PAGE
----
by Matt Paulson
The University of La Verne golf team fought cold weather and a world-class golf course as it turned in scores that earned them a second place finish in the conference tournament last Tuesday, April 30.
“The wind howled and swirled,” head coach Rex Huigens said of the conditions for the 36-hole Southern California Intercollegiate Athletic Conference Championship at La Purisima in Lompoc, Calif.
Joey Murray, after receiving the honor of medalist two weeks earlier at the University of Redlands SCIAC-18 with his score of 71, carved his way around La Purisima in the morning to a first round tournament low of 76. The afternoon proved a different story, though, as Murray tallied an 83 in his second round of play for a tournament total of 159 and the low for ULV.
The top seed for the Leopards in the event, Joe Skovron, followed Murray by one stroke with a tournament-total of 160 after two consecutive 80s on the day.
“Disappointing. That’s the first word that comes to mind,” Skovron said. He continued to express that, as an individual, he simply did not play very well.
Also contributing were Andrew Garcia with a second round 77 for a total of 160 and Mario DiCarlo with an afternoon score of 79 for a total of 164, which, said Huigens, were “very good scores” for the team.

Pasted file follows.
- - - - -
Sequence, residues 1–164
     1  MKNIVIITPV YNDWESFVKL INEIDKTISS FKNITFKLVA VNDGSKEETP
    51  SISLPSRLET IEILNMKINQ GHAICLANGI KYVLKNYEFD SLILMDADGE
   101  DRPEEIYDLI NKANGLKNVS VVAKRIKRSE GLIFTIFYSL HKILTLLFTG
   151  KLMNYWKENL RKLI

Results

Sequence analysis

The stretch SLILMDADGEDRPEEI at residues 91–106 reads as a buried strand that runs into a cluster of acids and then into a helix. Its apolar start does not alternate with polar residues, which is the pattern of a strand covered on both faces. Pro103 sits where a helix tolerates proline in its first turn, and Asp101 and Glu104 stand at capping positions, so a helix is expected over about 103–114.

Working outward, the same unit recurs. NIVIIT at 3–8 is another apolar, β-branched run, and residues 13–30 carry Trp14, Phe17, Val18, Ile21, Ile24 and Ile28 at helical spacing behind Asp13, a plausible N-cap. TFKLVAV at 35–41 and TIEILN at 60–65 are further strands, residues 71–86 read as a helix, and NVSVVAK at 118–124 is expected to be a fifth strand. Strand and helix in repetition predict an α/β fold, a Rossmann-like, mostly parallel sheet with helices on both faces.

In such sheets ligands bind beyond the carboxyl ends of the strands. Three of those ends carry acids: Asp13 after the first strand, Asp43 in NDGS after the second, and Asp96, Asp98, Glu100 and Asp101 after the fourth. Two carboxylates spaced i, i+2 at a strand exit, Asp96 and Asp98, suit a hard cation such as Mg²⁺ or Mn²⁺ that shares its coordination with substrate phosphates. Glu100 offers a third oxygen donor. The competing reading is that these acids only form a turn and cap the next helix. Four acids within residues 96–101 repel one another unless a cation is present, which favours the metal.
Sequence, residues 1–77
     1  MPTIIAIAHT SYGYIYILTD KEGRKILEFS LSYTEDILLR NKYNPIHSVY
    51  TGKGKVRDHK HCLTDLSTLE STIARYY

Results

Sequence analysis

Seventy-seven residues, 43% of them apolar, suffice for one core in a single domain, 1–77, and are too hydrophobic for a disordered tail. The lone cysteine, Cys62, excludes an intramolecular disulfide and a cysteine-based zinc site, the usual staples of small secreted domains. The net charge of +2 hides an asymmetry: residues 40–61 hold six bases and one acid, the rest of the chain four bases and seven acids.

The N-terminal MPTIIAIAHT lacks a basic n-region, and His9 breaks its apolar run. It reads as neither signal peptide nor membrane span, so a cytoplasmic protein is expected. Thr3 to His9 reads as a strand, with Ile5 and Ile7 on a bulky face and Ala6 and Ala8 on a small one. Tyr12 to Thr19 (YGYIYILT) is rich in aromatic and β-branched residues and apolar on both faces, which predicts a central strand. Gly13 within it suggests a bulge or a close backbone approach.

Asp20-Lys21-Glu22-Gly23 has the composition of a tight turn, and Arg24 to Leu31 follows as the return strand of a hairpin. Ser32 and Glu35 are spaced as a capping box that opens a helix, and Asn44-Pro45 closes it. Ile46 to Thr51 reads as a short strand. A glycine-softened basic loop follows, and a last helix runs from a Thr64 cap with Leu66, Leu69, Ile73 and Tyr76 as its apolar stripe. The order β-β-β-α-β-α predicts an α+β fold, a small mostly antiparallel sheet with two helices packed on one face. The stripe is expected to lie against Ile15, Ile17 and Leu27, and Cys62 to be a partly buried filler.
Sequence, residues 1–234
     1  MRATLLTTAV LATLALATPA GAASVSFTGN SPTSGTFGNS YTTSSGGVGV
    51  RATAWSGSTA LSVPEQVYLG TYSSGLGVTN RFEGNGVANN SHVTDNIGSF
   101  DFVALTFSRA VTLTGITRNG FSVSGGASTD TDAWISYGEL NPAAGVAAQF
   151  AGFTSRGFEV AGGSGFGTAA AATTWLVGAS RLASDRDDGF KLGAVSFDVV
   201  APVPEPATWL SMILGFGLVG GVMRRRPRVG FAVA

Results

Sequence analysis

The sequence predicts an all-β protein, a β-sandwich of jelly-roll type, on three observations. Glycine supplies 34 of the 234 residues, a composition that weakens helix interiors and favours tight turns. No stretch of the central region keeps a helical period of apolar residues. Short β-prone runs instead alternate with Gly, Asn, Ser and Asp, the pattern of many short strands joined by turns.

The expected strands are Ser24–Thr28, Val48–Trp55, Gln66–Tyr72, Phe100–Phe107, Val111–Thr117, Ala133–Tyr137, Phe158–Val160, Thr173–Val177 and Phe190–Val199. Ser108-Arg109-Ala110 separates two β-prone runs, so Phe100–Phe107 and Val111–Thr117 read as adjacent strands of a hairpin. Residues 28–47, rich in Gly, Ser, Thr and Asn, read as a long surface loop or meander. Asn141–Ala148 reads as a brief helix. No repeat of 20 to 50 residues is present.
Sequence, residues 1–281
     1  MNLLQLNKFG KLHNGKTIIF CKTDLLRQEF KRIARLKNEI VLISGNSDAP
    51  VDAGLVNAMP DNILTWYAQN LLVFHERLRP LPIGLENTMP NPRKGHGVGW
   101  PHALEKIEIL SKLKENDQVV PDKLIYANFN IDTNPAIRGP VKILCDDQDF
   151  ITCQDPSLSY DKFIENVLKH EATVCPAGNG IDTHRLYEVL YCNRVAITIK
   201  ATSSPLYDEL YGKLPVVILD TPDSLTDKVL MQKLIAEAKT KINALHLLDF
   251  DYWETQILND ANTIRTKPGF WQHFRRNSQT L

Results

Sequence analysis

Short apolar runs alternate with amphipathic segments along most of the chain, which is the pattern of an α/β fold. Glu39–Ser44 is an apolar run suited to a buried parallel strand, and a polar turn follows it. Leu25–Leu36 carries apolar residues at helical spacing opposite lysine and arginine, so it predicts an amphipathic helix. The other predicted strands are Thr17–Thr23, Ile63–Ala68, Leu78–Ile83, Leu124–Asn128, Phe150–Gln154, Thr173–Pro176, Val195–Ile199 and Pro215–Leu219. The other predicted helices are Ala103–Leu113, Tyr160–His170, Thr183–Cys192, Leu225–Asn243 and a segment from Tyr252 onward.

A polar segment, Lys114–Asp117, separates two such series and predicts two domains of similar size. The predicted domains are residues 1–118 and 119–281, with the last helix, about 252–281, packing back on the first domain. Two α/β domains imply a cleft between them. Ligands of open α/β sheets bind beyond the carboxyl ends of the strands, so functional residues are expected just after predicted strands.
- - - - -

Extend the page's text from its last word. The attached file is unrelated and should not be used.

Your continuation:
The top four scores for each round were counted as ULV managed totals of 324 and 318 for a second-place tournament mark of 642, five behind Redlands’ 637.
“We’re very close,” said Huigens of the competition between ULV and Redlands. “[We] knocked heads all year.”
In reference to the team’s play, Huigens said, “I was proud of the guys. They held it together as a team. This is a great bunch of guys. They have gotten more solid as the year went on.”
He continued to emphasize the positive aspects of the Leopards’ past and present finishes in the tournament.
“We’ve been second three years in a row. The good thing is that we’re consistent. That’s what you want: a chance to win a Championship.”
An important factor resting largely on play in the conference tournament is the selection for the teams to play in the national tournament to be held, this year, May 13-16 in Lincoln, Neb. As a second-place finisher, ULV managed to stay ahead of top-SCIAC competition like Claremont, which helped its bid for a spot in Nationals.
As of the morning of May 1, the National Board has indeed given ULV a place in Nebraska as one of the top teams in the nation. In order to be handed a berth to the National Tournament, the Leopards needed to be one of the top three teams in their district, which includes Division III schools in Texas, California, Washington and Oregon. Huigens said: the Leopards look to be No. 2 in the district overall.
Huigens said that the Leopard goal in the National Tournament is just to “represent ourselves well.”
He continued to talk about advantages he sees for ULV in the tournament, “It’ll be helpful that three of these guys have been there before,” he said.
Whatever the experience or advantages of ULV or any team competing in the tournament, it all comes down to the performance on the days of battle.
ULV will attempt to bring home the National Title through the 72 holes of play in the tournament.